NEW MEXICO (KRQE) – Animal advocates are discussing their decision to sue the U.S. Fish and Wildlife Service over its designated habitat for the Mexican gray wolf. “We’re as sick as anybody of having to sue the Fish and Wildlife Service over this rule. We would like them to just do the right thing. And so, you know, we believe that there’s some real legal vulnerabilities. There’s some real problems with what they’ve done here,” said Greta Anderson, Deputy Director of the Western Watersheds Project.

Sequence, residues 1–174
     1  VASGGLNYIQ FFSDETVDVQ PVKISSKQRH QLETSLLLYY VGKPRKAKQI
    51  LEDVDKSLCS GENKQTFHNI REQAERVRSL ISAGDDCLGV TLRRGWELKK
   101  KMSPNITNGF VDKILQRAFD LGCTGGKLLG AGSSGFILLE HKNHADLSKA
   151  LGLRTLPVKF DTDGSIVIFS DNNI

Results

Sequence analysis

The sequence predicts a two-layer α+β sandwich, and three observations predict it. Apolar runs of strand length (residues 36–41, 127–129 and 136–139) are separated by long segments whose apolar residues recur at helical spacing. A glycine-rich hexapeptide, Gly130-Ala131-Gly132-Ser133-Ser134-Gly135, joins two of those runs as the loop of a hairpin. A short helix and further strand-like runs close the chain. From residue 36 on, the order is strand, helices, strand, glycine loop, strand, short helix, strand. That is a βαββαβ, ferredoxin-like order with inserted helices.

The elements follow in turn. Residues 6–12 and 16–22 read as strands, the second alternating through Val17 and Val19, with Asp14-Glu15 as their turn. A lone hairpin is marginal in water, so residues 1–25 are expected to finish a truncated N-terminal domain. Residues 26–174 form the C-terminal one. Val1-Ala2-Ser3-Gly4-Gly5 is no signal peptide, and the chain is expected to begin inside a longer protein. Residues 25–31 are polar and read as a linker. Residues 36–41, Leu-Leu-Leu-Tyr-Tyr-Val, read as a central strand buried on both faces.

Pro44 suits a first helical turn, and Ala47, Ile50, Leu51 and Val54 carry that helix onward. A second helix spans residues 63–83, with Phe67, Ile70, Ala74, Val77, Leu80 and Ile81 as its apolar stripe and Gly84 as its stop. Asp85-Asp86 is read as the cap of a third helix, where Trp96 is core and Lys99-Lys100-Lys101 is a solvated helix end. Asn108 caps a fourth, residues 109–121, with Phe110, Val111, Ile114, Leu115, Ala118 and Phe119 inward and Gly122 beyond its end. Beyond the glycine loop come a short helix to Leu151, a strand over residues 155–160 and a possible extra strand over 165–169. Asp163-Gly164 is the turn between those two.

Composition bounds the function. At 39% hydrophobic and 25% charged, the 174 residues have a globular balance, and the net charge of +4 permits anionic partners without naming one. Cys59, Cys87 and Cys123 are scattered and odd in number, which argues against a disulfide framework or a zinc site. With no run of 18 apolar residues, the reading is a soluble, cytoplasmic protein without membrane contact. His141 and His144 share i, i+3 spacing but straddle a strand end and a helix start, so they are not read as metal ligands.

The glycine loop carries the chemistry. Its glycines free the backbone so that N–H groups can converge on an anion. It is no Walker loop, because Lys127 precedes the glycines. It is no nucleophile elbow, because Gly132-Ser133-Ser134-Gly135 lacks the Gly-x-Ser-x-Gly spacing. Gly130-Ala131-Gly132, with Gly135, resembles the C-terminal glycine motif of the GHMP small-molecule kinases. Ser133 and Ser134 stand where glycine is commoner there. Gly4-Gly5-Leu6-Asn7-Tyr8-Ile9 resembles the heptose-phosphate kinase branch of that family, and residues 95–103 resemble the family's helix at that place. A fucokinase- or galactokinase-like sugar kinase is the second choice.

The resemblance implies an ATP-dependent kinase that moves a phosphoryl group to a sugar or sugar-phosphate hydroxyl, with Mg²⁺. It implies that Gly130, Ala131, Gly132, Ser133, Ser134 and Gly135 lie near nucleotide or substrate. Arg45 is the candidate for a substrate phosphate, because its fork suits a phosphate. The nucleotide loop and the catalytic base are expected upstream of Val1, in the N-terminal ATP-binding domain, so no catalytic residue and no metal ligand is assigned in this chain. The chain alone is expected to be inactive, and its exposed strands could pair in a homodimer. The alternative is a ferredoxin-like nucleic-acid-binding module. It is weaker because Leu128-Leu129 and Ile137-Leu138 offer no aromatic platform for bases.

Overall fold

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The lawsuit calls for the government to expand the wolf’s habitat north of I-40. Right now, they’re only in the far southwest corner of the state. The federal government says the rule is a balance between wolf preservation and protecting livestock, but advocates say that area is too small.
“As soon as they cross I-40, because of the management role, a lot of times, the US Fish and Wildlife Service is pressured to go and get them and bring them back. I don’t think we have to do anything. I think we just have to let them run,” said Anderson.
Advocates say a larger habitat area will promote genetic diversity among the pack.